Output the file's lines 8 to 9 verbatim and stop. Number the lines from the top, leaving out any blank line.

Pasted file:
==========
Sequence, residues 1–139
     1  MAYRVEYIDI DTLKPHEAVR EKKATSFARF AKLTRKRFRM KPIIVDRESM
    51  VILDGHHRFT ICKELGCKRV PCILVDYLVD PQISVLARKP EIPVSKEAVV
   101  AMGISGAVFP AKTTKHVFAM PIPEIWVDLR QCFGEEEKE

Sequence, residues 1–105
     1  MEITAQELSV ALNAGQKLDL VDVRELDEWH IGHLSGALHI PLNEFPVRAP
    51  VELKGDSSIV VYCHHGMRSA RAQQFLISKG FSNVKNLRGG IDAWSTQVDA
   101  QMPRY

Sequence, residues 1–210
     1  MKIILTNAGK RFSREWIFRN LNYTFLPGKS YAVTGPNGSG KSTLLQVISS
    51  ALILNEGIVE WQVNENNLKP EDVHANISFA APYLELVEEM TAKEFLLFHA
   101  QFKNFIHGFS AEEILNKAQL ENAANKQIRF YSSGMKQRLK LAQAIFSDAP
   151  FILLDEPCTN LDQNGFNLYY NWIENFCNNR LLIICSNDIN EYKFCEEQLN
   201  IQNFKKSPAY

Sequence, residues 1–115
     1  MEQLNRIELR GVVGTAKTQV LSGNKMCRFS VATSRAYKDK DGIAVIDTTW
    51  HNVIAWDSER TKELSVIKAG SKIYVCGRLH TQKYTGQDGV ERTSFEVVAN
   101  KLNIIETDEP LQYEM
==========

   101  QMPRY

Sequence, residues 1–210